_{0,p} in the patient group. However, again, there was no correlation between*Z*
_{0,p} and subject characteristics.

*Z*
_{0,p} was not different between patients and controls (Table 2). A possible explanation is the limited number of subjects included in the study. Also, blood pressure is only slightly higher in the patient group, and the difference in arterial compliance, most prominent in the ascending aorta and aortic arch, may not be high enough to yield significant differences in *Z*
_{0,p}.

The absence of a (simple) relation between model parameters and patient data inhibited the computation of individualized transfer functions. This may be due to the simplicity of the model (and the fitting procedure), with the model parameters not reflecting physiological properties. We also applied a model with reference parameter values derived for the radial-aorta transfer function on measured radial-carotid transfer functions. Still our approach is defendable. The radial-aorta and radial-carotid pathway should at least share the properties of the middle and distal segment; the differences exist in the small part of the ascending aorta and the carotid artery. We assumed the same length for these segments, but their mechanical properties are effectively different: average*Z*
_{0,p} for the radial-carotid data (4 parameter fit) is 1.08 mmHg · ml^{−1} · s^{−1}and is higher than *Z*
_{0,p} that was found for the radial-aorta fit (0.44 mmHg · ml^{−1} · s^{−1}). This agrees with the smaller caliber of the carotid artery. One might think of introducing arm length as a known variable into the model. This will change the values of estimated*Z*
_{0,p}, but it is unlikely that the introduction of a parameter (radial-carotid path length), which cannot be measured with great accuracy either, would change our observations. One should also consider the fact that not only the total path length but also the relative length of the three segments determines TFF.

TFF_{avg} yielded the best approximation of PP and AIx, whereas TFF_{max} or TFF_{min} gave (very) different values for PP and AIx than the values derived from the directly measured pressure wave. However, it is remarkable that when averaged over control subjects and patients, PP and AIx were different for both groups, irrespective the used transfer function. Thus, when (generalized) pressure transfer functions are used in clinical studies, comparing control subjects with patient groups or comparing different interventions, they may potentially yield reconstructed central (aorta) pressures and derived indexes, discriminating between groups or interventions. Nevertheless, individually, there are considerable differences for PP and AIx derived from the measured or reconstructed carotid artery pressure, as indicated by the (modified) Bland-Altman plot (3) in Fig. 7 (data shown for TFF_{avg} only). Furthermore, we feel that derived parameters, such as the AIx, require reconstructed waves in which enough high-frequency information is present to fully capture the details of the curve. Using other algorithms, based on autoregression models (8), may give better results than the frequency-domain approach we used.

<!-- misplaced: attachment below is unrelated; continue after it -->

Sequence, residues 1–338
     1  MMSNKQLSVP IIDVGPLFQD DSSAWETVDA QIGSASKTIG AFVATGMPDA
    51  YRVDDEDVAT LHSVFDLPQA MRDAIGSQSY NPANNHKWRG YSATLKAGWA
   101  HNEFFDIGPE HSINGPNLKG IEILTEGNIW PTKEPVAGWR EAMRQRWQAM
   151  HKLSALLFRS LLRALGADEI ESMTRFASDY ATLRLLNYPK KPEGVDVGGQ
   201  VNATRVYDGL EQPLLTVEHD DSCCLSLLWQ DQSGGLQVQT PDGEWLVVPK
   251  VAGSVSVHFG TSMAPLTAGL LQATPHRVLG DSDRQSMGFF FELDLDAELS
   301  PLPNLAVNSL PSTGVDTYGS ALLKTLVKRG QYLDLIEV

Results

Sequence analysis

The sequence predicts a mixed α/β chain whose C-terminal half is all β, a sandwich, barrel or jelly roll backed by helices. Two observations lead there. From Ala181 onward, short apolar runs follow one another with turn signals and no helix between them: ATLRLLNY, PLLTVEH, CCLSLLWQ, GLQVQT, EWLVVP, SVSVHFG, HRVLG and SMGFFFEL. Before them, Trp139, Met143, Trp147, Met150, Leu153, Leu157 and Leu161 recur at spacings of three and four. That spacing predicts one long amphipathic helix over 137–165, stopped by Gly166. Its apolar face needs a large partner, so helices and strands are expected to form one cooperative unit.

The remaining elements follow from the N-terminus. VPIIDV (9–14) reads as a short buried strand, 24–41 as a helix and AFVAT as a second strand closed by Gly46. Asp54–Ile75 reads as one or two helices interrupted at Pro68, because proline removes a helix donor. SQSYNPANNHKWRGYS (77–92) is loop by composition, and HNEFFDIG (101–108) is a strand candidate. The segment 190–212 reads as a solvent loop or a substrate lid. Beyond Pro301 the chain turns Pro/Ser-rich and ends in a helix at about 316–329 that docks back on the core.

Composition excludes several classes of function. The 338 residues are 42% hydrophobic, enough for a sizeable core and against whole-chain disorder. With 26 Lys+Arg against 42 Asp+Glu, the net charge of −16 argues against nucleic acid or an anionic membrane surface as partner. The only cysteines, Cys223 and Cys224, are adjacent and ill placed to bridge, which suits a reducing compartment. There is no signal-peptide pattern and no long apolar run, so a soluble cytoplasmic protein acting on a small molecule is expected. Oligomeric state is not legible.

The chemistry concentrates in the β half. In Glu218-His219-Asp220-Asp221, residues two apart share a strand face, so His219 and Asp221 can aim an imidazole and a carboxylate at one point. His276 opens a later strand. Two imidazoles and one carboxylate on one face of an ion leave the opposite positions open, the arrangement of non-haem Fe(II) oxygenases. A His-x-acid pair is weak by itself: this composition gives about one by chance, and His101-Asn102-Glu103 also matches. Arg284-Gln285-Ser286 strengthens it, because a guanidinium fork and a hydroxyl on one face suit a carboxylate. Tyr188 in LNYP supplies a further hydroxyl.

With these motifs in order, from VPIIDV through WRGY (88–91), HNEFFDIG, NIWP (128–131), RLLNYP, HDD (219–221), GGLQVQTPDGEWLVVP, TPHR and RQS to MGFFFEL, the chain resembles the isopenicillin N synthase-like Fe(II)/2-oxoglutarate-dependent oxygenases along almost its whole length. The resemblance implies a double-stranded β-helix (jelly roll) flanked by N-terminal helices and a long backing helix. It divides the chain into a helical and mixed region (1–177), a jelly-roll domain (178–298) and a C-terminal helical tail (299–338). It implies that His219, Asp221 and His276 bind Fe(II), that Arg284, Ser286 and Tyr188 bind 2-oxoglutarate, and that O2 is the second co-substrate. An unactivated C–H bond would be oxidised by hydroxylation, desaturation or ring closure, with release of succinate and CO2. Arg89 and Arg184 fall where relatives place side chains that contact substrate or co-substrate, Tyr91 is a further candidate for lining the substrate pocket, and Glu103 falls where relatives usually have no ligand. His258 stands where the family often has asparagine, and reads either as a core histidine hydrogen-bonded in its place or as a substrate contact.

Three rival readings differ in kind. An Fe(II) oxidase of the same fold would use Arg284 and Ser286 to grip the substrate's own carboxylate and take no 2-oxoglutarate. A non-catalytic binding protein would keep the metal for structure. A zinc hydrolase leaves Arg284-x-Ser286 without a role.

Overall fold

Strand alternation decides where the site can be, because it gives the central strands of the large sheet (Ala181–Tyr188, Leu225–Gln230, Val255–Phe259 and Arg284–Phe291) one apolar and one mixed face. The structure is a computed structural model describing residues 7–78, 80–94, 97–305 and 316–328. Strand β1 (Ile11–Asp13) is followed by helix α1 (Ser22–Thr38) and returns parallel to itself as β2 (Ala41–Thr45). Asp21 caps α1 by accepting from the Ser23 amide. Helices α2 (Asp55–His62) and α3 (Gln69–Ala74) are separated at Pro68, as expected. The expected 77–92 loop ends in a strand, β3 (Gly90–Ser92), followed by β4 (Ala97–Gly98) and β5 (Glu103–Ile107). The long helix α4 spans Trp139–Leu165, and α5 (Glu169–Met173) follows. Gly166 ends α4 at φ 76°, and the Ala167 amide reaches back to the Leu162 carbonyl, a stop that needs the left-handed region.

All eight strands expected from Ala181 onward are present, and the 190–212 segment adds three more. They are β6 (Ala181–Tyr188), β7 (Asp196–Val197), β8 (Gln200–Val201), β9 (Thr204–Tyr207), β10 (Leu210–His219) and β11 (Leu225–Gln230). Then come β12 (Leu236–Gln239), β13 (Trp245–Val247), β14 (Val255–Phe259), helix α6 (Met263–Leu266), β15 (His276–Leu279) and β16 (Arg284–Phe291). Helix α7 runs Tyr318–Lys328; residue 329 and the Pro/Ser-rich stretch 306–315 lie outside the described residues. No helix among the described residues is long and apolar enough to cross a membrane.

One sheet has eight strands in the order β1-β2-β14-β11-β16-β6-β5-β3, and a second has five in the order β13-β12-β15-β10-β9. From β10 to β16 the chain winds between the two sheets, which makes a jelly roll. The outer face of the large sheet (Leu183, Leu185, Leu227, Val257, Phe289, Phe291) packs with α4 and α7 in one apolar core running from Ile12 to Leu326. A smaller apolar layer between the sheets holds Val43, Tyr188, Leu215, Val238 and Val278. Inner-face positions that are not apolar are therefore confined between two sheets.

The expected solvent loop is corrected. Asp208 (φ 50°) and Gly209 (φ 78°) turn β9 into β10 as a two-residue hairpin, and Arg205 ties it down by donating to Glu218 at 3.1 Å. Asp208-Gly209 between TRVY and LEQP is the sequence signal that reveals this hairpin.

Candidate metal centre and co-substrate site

This study shows that arterial pressure waves, reconstructed using (generalized) transfer functions, carry analog information as the carotid blood pressure. This, however, does not imply that these reconstructed pressures are a better approximation of central aortic pressure than carotid blood pressure. However, in clinical settings, it is easier to monitor central pressure from an easily accessible peripheral site such as the radial artery, which is more appropriate for applanation tonometry than the carotid artery. Applanation tonometry at the carotid artery is more tedious, more time consuming, and requires skilled people and averaging of the curves. Furthermore, it is better to avoid carotid applanation tonometry in people with carotid plaque. In our study, we had to exclude about 10% of patients because no reliable carotid tonometric signals could be recorded.

We conclude that using averaged, generalized TFF leads to significant discrepancies between reconstructed and measured pressure waveforms and subsequent derived indexes. Nevertheless, very distinct transfer functions (TFF_{max}, TFF_{avg}, and TFF_{min}) seem to preserve the information in the pressure wave that is needed for the computation of indexes as PP and the AIx, discriminating patients from healthy subjects.

## Acknowledgments

This research is funded by a specialization grant of the Flemish Institute for the Promotion of the Scientific-Technological Research in Industry (IWT 943065–IWT 960250) and a concerted action program of the University of Gent, supported by the Flemish government (GOA-95003). S. Carlier was the recipient of a grant from the North Atlantic Treaty Organization and from the Belgian American Educational Foundation.

## Footnotes

Address for reprint requests and other correspondence: P. Segers, Hydraulics Laboratory, Institute Biomedical Technology, Univ. of Gent, Sint-Pietersnieuwstraat 41, B-9000 Gent, Belgium (E-mail:patrick.segers{at}navier.rug.ac.be).